A "statute of limitations" is a law that tells you how long someone has to sue you. In California, most credit card companies and their debt collectors have only four years to do so. Once that period elapses, the credit card company or collector loses its right to file a lawsuit against you.
However, you or the creditor might do certain things that could reset or extend the statute of limitations. To avoid giving the credit card company more time to sue you, it's important to understand how California's statute of limitations works for credit card debt.
Your credit card company or debt collector must sue you in court within a certain amount of time, called the "statute of limitations." Or it loses its right to force you to pay your debt.
Each state makes its own laws regarding how many years your creditor has to file a lawsuit against you.
In most cases, when you get a credit card or sign any other type of credit agreement, you enter into a contract with the creditor and agree to make a monthly payment, including interest, until you repay the borrowed amount. The two types of contracts in California are written and oral contracts—and the statute of limitations differs for each of them.
Virtually all credit card agreements are written contracts. So, you and the credit card company put the terms of the agreement in writing. Often, you agree to the contract terms listed on the credit card application when you sign it.
In California, the statute of limitations for a written contract is four years.
It's unlikely that your credit card agreement is an oral contract, meaning that you entered into a verbal agreement with the credit card company and didn't write down the terms. But if it is an oral contract, the statute of limitations for an oral contract is two years.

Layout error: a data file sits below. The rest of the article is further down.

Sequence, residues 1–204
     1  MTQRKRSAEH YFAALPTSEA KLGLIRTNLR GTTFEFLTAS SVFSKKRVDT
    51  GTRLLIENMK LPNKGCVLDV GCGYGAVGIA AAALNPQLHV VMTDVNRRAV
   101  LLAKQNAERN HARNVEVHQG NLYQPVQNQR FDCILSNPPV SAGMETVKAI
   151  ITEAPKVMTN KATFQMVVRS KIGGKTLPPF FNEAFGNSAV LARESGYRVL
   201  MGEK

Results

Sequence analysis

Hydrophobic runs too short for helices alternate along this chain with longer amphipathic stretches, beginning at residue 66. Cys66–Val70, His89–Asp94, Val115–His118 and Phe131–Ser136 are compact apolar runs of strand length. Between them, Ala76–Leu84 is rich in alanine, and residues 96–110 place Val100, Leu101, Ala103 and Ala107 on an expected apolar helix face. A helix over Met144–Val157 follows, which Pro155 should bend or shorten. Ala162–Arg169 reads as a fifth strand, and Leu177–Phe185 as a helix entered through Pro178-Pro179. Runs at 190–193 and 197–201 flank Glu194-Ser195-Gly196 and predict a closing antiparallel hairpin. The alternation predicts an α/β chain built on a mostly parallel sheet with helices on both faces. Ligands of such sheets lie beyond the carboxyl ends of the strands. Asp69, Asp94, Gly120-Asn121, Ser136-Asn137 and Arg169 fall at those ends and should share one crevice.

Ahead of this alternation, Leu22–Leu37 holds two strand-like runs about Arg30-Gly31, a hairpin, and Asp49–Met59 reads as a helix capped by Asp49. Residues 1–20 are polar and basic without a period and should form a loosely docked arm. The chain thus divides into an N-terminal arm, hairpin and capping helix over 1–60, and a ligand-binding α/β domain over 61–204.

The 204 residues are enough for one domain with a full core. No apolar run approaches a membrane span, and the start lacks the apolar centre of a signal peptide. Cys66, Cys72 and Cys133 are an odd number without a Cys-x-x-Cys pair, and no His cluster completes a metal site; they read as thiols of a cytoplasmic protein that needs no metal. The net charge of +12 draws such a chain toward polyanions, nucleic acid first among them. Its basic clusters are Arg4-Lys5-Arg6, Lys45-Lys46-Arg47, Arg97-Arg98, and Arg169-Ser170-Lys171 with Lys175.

The statute of limitations clock starts ticking when a cause of action "accrues." This usually means when you "breach," or break, the contract by not doing something you agreed to, such as not making a payment.
In California, the statute of limitations might start running on any one of these three events:
Usually, the statute of limitations calculation starts when your first missed payment becomes due. But in other cases (the details of which are beyond the scope of this article), the statute begins running on either the date of your last purchase or when you made your last payment.
Because these dates often occur close together, it doesn't make a difference in most cases. However, if using one of these dates causes the statute of limitations to expire before your credit card company filed its lawsuit, it might be worthwhile to contact legal counsel to see if that start date applies to your situation.
Calculating the statute of limitations isn't always easy. The credit card company might take some action, or you might inadvertently do something to change how much time the company gets to file a lawsuit against you.
Because some of these issues can be tricky, you should consult a legal professional if you are unclear about the statute of limitations period that applies to your case.
Sometimes the credit card company does something that temporarily stops the running of the statute of limitations or delays when it begins to run.
Your credit card company gives you additional time to pay. If your credit card company gives you additional time to make your payment, this action might extend the statute of limitations by delaying its start. For example, if you miss a payment on January 1, your creditor might extend your payment due date to April 1. Even if you never make that April 1 payment, the creditor could later argue that the additional time it gave you to pay extended the start date of the statute of limitations to April 1.